Legal librarianship is constantly in a state of flux, with continual changes in job titles, habitual shifting of responsibilities and the explosion of legal artificial intelligence all playing a part. In January of this year, LAC Group surveyed their internal personnel about the future of law librarianship, based in part by the responses collected from the 2018 American Association of Law Librarians conference. The resulting blog post, Legal librarianship in 2019-2020, showcased three major takeaways: Continue Reading More thoughts on law firm research and librarianship

Former British prime minister and noted novelist Benjamin Disraeli is often credited with saying, “Change is inevitable. Change is constant.”  I may not care much for his politics, but I always found it an admirable admission from someone so well-known for his staunch conservatism. It is a pragmatic outlook on life that I have come to not only embrace but celebrate myself.  And so, it is with excitement that I share the news of big changes.  As of today, TiLT has a new name, a new look, and a brand new home.  Under the new moniker of informed.JD, my blog and I have joined the LexBlog platform! Continue Reading TiLT joins LexBlog with New Look and New Name! Welcome to informed.JD!

If you peruse the LAC Group blog, you’ll see many articles on the growing need for law firm librarians to demonstrate their value.

My colleague Ron Friedmann, a highly-respected expert in legal technology and knowledge management, recently presented on how law firm research and intelligence centers can contribute to firm profits. This was at an ARK (Applied Research & Knowledge) Group hosted conference, Best Practices & Management Strategies for Law Firm Library, Research & Information Services. LAC Group was a sponsor. Continue Reading Boosting your firm’s profits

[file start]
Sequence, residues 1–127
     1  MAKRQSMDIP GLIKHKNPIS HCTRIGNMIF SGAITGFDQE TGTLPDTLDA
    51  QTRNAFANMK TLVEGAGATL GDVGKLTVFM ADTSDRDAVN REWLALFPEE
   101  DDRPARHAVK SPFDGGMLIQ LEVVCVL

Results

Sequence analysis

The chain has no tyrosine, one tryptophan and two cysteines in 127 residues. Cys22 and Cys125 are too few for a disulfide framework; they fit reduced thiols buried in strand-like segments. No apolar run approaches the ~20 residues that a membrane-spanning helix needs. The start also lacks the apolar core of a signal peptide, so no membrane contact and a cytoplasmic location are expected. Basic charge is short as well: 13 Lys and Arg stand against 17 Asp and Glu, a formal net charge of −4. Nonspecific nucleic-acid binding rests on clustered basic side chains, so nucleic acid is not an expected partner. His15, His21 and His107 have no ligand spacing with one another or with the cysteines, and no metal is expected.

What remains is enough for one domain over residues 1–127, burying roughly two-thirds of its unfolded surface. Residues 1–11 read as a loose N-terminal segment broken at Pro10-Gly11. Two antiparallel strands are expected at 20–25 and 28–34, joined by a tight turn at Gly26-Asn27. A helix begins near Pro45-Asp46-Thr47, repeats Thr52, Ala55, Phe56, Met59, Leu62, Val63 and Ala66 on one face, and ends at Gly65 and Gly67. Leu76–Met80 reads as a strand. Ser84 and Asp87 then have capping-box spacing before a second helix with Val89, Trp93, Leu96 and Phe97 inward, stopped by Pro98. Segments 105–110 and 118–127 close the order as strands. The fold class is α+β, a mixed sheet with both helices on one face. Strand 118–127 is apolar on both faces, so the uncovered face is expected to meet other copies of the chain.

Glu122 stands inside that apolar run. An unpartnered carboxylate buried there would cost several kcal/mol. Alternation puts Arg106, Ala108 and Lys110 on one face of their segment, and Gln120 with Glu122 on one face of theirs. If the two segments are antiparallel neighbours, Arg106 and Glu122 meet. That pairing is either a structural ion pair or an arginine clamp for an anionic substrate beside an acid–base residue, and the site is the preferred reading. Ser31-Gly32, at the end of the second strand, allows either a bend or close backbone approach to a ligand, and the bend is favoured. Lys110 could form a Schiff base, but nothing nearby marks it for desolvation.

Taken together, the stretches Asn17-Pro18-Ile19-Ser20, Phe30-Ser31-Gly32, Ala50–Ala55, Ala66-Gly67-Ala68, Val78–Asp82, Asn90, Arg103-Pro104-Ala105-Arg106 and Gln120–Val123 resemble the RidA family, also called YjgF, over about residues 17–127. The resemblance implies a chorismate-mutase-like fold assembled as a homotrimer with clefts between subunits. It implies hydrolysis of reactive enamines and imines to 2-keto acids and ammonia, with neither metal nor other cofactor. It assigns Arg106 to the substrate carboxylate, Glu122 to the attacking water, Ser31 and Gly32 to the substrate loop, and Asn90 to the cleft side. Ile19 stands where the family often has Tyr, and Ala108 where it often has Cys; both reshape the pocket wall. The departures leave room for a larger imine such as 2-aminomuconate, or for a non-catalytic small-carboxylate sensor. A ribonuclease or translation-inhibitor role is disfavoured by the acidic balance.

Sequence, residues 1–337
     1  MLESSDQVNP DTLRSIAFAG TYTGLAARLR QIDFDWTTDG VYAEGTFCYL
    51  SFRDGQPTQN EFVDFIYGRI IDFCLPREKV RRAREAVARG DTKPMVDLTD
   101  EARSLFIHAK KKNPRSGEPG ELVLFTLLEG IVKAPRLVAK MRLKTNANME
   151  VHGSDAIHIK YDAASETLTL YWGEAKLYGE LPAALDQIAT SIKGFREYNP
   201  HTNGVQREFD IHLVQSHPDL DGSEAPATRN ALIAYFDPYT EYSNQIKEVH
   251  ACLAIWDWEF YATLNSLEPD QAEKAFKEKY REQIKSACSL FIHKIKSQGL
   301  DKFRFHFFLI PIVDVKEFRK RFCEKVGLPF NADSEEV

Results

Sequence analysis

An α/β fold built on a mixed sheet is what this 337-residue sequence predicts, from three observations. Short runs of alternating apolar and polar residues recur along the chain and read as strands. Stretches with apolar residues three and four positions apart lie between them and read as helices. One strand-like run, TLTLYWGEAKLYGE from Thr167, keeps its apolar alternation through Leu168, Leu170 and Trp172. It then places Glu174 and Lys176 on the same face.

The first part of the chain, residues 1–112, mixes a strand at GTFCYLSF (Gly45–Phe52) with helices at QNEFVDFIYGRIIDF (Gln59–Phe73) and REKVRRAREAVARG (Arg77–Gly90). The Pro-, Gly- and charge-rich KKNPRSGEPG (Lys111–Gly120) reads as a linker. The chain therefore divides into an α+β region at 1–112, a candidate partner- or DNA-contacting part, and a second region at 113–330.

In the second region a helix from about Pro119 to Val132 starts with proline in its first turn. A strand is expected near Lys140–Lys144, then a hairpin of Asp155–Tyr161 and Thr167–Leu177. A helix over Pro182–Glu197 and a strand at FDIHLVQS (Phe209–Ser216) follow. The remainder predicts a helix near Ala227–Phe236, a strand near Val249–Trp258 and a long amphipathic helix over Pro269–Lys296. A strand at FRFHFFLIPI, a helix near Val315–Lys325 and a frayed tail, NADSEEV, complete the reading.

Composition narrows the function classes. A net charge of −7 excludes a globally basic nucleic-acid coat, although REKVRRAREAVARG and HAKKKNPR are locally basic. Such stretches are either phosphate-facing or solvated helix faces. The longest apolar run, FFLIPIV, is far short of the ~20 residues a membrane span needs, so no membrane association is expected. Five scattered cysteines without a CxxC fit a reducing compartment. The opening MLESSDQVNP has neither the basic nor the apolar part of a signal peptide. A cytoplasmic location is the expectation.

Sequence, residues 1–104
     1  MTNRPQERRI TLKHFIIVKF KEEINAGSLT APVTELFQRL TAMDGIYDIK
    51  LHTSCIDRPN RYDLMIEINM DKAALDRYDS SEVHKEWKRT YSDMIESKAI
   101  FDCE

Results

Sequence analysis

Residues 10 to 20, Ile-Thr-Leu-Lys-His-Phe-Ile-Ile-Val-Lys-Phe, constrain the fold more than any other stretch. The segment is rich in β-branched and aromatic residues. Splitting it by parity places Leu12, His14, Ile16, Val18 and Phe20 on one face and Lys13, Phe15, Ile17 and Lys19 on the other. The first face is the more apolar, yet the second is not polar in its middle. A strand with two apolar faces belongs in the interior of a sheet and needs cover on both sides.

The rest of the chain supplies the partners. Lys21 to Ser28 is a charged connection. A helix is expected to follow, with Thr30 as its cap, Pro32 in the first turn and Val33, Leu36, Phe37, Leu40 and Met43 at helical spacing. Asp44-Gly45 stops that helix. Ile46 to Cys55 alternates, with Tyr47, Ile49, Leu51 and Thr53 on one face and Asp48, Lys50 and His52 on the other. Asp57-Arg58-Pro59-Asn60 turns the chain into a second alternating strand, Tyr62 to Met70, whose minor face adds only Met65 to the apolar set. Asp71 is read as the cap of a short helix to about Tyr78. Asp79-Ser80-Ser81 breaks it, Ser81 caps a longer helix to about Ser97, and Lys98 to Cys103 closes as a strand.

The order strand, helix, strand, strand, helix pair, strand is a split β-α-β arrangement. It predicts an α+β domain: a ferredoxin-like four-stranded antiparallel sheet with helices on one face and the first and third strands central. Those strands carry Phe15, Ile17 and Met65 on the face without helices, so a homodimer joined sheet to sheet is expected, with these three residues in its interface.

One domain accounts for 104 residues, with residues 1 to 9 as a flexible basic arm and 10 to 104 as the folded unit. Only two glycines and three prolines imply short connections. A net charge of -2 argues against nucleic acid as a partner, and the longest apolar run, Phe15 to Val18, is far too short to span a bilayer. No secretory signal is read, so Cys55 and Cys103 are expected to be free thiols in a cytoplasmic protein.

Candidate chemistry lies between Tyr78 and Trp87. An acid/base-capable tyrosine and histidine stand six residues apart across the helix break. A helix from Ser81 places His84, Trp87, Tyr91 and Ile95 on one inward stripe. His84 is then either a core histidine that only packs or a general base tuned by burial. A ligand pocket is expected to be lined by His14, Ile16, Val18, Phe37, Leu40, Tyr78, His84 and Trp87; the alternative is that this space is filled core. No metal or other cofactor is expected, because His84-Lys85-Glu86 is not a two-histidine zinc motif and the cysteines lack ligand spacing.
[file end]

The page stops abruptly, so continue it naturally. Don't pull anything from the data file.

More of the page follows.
Competitive intelligence (CI) can be especially valuable to private equity (PE) and venture capital (VC) firms, which often operate somewhat in the dark within their industry segments. Holdings in newly-forming or niche industries have few public companies or established business models to provide adequate references for benchmarking and other meaningful insights. Continue Reading My latest for LAC: CI considerations for PE and VC firms

Devotees of the fast, affordable, and efficient service of Documents Delivered were surprised today by a jarring message on the platform’s front page.  It appears that the company has shuttered its business without warning.  Customers are now greeted by the news that company has not only closed up shop, but also disposed of all confidential information.  All that remains is an e-mail address for anyone having accounting or billing concerns.

What gives?  And what has happened to the great team that kept so many patrons so happy over the years?  If you have any insights, please post them below.  This is a sad day indeed!

Here we are on May 31 and I just realized that I was derelict in sharing with you all my list of “must read” articles for the month. As they say, it is better to be late than never. Luckily, the day is not quite done where I am sitting, so I will chalk this one up to making it in just under the wire.  Here’s hoping some of these resonate with you. Continue Reading May Library “Must Reads” – Leadership